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Paul’s Crime

We learned from our sermon last Lord’s Day that Paul had been drug from the temple and beaten by the Jews who were in Jerusalem. The arrival of the Roman tribune, along with his soldiers, saved Paul from being beaten to death. The tribune immediately arrested Paul, assuming that he was guilty of a crime, and then tried to learn the details of that crime by asking the Jews what Paul’s crime was. The Jews could not agree upon their charges and so the tribune took Paul back to the barracks in the Fortress Antonia. Once there, the tribune had intended on whipping Paul into confessing his crime, but when he found out that Paul was a Roman citizen he realized that Paul could not be whipped without first having a fair trial.

Our sermon text for this coming Lord’s Day will be Acts 22:30-23:11. This text describes the tribune’s third attempt to learn what Paul’s crime was. The tribune commands the council of the Jews to meet in order to question Paul and determine his crime. But Paul does not want to play this game. Paul answers them with a “red herring,” deliberately pitting the Pharisees against the Sadducees and causing an uproar within the council. The tribune as compelled to rapidly escort Paul away from the council in order to protect Paul’s life.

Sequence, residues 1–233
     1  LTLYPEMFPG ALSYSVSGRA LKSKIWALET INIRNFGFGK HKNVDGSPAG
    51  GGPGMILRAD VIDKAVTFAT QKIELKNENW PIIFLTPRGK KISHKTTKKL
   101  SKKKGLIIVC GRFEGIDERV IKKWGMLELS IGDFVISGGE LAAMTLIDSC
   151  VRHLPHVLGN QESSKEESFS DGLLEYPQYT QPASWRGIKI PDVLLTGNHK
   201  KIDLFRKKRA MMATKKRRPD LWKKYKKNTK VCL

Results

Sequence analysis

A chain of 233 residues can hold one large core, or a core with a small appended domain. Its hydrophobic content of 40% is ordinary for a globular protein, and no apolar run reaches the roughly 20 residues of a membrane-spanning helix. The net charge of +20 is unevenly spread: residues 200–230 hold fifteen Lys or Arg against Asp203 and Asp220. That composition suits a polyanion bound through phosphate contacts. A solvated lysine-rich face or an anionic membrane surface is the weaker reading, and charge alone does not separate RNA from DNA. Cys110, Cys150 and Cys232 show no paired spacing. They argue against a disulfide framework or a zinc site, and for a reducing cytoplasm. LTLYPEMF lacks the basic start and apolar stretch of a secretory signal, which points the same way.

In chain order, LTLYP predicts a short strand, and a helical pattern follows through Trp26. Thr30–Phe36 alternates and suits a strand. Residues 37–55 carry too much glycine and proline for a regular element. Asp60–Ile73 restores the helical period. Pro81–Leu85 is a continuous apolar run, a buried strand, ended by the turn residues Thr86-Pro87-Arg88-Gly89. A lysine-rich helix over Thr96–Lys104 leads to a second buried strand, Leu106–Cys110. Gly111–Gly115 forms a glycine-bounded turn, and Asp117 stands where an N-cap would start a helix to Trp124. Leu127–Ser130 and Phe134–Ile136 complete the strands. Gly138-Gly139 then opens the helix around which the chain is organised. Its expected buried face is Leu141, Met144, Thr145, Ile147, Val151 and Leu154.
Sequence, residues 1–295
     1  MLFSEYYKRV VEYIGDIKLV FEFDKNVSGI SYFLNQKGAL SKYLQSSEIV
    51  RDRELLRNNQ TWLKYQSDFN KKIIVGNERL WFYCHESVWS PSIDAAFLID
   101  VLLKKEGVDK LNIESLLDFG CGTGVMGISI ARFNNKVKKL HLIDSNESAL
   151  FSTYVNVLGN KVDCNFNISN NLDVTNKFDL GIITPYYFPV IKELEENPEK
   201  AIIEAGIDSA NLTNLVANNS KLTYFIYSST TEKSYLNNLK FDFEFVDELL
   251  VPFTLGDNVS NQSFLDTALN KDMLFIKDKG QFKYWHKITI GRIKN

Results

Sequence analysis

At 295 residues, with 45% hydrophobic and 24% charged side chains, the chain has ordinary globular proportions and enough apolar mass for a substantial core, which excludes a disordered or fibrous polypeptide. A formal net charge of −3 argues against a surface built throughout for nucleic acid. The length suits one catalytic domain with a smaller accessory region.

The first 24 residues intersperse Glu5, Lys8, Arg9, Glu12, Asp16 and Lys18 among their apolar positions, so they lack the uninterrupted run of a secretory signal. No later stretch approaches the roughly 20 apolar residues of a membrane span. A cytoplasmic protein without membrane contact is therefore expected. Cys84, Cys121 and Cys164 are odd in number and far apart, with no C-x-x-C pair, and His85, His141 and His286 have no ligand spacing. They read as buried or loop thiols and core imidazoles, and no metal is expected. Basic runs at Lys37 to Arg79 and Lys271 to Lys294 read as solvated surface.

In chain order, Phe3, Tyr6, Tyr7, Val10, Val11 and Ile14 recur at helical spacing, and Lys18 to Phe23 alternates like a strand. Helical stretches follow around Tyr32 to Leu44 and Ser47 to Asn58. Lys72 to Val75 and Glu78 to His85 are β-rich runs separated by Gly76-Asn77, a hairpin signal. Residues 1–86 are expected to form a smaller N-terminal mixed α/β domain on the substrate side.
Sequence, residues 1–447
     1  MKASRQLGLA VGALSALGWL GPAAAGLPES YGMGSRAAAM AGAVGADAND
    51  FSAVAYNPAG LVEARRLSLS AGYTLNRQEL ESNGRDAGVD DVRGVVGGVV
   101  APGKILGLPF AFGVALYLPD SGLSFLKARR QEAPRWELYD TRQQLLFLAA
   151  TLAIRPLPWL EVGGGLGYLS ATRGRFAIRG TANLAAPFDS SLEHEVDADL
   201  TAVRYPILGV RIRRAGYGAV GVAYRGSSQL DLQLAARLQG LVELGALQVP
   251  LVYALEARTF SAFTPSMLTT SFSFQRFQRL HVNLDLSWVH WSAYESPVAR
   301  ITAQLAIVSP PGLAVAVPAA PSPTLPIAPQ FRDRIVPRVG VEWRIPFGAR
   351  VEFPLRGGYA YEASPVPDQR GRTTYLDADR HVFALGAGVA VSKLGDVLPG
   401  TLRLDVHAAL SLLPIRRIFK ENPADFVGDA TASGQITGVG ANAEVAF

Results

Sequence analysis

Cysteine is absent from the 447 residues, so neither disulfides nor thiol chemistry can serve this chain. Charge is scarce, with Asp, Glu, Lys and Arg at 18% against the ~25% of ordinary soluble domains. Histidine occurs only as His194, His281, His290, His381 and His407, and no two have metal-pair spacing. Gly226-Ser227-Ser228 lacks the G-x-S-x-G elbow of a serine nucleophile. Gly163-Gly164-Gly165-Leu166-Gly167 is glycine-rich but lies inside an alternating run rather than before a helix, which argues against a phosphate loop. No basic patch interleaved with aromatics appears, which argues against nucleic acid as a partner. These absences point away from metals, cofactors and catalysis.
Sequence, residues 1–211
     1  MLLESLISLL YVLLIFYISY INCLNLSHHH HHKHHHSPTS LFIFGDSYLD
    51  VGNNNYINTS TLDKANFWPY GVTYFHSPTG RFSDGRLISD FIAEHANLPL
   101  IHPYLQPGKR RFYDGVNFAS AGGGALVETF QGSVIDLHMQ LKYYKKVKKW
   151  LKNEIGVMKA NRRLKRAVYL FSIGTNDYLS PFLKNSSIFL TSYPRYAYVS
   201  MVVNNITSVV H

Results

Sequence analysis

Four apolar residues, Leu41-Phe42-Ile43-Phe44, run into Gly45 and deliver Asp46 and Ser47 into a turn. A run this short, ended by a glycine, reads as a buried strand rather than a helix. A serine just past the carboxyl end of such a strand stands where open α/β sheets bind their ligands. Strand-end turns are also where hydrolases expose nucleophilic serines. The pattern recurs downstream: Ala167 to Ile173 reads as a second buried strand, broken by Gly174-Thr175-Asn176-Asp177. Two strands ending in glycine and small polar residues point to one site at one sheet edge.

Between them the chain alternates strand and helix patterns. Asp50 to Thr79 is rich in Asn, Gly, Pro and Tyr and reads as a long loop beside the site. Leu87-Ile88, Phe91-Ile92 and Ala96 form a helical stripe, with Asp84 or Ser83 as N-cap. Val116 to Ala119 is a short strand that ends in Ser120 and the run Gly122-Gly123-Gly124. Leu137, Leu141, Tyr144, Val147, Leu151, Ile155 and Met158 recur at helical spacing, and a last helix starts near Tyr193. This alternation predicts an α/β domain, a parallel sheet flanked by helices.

When dealing with this passage, we’re forced to focus on the Christian’s requirement to tell the truth. There are two incidents of, what some people call, “deliberate deception” by Paul. The first incident is in 23:5 where Paul says that he didn’t know that Ananias was the high priest. On the surface, it would appear as though Paul was lying because we know Paul knew who Ananias was. Yet there are some technicalities that we need to consider, as well.

The second “deliberate deception” is in 23:6, where Paul answers the council by telling them he was on trial because of his belief in the resurrection of the dead. Yet if we go back to last week’s sermon, the charges the Jews had brought against Paul had nothing to do with his belief in the resurrection of the dead. What they specifically were charging Paul with was (1) not upholding the law and (2) bringing a Gentile into the temple (21:28).

So the challenge we have before us this week is to understand why Paul appears to be deliberately deceiving the leaders of the Jewish council. Is Paul guilty of lying? Or is there a legitimate moral loophole that Paul is aware of that permits him to mislead the council? Our passages ends in 23:11 with Jesus appearing to Paul and apparently approving of the testimony that Paul gave to the council.